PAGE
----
In the run up the UK elections FleishmanHillard reached out to its network of clients across the EU to ask them what they thought of the possibility of a ‘Brexit’ . The feedback was overwhelming in its clarity – business is concerned that a Brexit would not just hurt Britain, it would hurt Europe. Below are some key quotes with which to contextualise business, Britain and Brexit.
“We are concerned about the uncertainty caused by the Referendum”
The UK is important to many of our clients, and not just as a market. One client remarked that the UK was the home of an R&D centre, for which the free movement offered by the EU was vital. The benefits of the UK’s position as an English-speaking country which enjoys a generally positive business environment make it a key investment point and ‘staging ground’ for many international businesses. Businesses from outside the EU invest in the UK disproportionately to its share of Europe’s economy: in 2013 the UK commanded 20% of FDI, while producing about 15% of GDP.
It’s clear that businesses are happy to invest in the UK. What is also clear is that businesses are nervous about a Brexit; a recent survey of business leaders highlighted that it is even more concerning than a ‘Grexit’ (Greece’s possible departure from the Eurozone). It seems likely – and prudent – that businesses will be more hesitant about investing, when the stakes of the upcoming referendum are so high. It is for this reason that the new UK government seems to be considering a referendum in advance of its already ambitious 2017 deadline. Minimising the period of uncertainty is doubtless a step in the right direction, but it seems businesses would rather not see the issue come to a head, only 11% of respondents to our survey favoured having a referendum at all.
“Regulation and market barriers as a consequence of a Brexit would substantially harm our business”
There are those who fear that regulation and market barriers will negatively impact their business. The altered future relationship between the UK and the EU could mean that where once the “free movement for our supply chain across borders and for our workers is valuable” the reinstatement of barriers, wholly or partial could serve to make trading with the UK more difficult. When we asked our clients whether they think a Brexit would see them reducing the work they do in the UK, they were split quite evenly. Britain is the EU’s second biggest economy, and businesses are unlikely to stop trading with it, regardless of its membership status. What will happen though, as cited by our clients, is that the UK will no longer be an agenda setter, with limited ability to steer the course of the EU’s economy. However, while the recognised advantages of the EU Single Market would prove a difficult obstacle if revoked, one client envisaged that the “most important bottom line element for our UK business is the UK business environment, notably tax levels and this is independent from the work of the EU.” This correctly identifies one of the most popular aspects of investing in the UK, and while the tax levels would evidently not be affected by a Brexit of any kind, the business environment rests on tender hooks as uncertainty over the future prevails.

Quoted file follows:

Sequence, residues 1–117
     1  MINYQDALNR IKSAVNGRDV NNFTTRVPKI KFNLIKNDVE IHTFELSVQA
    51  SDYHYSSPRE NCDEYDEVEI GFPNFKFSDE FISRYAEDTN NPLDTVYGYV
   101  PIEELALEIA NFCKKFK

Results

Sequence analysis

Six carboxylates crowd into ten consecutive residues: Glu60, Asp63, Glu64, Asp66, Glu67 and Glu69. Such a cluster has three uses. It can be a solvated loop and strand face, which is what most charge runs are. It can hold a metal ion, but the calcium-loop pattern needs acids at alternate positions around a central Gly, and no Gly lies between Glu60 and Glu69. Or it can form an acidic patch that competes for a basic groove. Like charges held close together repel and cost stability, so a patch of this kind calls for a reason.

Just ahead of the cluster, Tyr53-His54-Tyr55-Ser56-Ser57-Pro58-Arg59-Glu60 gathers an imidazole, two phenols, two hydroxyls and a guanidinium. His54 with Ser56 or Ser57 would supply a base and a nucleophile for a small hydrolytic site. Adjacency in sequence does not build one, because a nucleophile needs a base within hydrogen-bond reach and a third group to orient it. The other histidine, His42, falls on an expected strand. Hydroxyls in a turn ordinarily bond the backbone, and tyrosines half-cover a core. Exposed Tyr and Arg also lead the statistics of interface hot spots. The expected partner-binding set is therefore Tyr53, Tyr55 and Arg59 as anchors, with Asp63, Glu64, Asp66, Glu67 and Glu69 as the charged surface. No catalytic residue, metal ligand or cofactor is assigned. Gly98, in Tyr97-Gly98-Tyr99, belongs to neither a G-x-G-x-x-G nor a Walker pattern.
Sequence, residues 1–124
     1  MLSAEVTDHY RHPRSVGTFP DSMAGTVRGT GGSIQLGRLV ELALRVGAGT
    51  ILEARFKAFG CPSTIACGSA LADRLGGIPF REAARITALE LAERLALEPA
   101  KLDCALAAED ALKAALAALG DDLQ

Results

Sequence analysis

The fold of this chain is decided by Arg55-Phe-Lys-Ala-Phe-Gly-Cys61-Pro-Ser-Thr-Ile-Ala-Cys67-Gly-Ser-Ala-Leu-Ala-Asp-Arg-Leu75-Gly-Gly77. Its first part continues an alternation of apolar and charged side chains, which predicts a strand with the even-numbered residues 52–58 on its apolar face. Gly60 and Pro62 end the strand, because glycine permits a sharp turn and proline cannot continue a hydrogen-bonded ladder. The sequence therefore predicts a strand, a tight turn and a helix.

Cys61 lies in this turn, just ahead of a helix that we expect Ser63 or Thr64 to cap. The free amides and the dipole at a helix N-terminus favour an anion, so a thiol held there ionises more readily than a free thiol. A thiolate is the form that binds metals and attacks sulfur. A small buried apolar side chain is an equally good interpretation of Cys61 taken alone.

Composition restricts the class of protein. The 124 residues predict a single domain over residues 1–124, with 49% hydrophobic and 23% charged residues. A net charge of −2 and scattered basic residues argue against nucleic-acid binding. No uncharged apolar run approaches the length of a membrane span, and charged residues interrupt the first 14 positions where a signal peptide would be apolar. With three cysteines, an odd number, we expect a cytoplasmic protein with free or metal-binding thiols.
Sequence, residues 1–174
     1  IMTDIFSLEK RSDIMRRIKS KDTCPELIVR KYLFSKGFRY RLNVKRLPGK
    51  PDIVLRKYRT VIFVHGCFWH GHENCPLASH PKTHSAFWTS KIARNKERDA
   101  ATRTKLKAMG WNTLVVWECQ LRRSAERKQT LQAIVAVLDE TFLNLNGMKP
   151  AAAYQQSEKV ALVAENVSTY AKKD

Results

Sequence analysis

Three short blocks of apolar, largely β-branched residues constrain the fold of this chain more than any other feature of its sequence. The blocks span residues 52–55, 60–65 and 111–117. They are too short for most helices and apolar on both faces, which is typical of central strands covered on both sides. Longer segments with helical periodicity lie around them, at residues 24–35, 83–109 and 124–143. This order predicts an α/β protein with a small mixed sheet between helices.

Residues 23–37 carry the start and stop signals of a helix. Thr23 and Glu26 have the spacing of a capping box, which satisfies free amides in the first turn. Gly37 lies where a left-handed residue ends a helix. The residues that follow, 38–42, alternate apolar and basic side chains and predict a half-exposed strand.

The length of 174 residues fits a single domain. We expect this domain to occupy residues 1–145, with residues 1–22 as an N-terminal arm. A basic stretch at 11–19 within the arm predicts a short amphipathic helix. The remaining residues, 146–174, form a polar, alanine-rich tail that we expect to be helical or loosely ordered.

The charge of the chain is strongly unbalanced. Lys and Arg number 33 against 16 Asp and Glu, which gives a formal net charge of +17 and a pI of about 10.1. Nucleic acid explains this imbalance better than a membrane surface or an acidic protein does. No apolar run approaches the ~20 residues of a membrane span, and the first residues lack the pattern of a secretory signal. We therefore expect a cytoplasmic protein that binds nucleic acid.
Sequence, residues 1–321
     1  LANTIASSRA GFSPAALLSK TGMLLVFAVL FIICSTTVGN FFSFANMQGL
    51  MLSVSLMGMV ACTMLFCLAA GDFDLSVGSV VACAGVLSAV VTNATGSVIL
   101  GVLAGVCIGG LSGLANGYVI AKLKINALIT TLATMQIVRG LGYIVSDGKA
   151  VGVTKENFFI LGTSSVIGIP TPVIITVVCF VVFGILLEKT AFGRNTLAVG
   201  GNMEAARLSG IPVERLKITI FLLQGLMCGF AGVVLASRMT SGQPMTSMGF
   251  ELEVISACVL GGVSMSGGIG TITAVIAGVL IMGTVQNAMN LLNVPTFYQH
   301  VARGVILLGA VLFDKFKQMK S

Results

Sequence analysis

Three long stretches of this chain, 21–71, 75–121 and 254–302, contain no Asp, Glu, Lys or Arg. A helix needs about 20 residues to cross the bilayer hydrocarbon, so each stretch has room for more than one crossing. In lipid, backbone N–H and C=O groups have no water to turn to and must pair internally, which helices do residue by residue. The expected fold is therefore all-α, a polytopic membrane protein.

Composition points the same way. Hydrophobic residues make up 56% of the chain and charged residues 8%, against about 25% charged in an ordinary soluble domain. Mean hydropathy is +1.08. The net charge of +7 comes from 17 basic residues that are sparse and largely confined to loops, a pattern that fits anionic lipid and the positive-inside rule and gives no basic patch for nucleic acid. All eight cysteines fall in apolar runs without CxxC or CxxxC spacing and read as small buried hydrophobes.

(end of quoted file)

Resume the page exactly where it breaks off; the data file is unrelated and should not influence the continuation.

“Brexit would simply be another factor to the broad view that Europe is less and less attractive for investments”
One highly pessimistic view depicts a Brexit as the final straw in a long history of decisions which contribute to an uncompetitive and stagnant investment environment – something the European Commission seems well aware of, considering the grand efforts of the Juncker Plan (an investment fund for Europe championed by Commission President Jean-Claude Juncker) to stimulate growth and investment in the EU. Our clients certainly think that this would be a step backwards for the EU as a whole, with an overwhelming majority agreeing that the EU’s economy would suffer in the case of a Brexit. Perhaps the view of many in the US when it comes to the EU was summed up by US Presidential long-shot Bobby Jindal when he said they must avoid turning “the American Dream into the European Nightmare.
“It would be a glorious mistake”
At present, nobody knows what the terms of a Brexit would be, or even what is being requested in the “renegotiation” period leading up to a popular vote. There are a number of overhanging issues, for example Directives which are transposed into national law would still apply if the UK were to leave the EU, agreements which have been signed with countries the world over on trade and international relations will have to be renegotiated. That is not to say that the UK’s relationship with the EU must stay the same, businesses are certainly open to the possibility of negotiation, but Brexit is overwhelmingly considered a bad idea. Therefore the above short comment which neatly summarised what a lot of our respondents were conveying may become true, however it remains to be seen how a Brexit might work, what basis a future relationship with the EU would be served on and the state of the UK post-EU.
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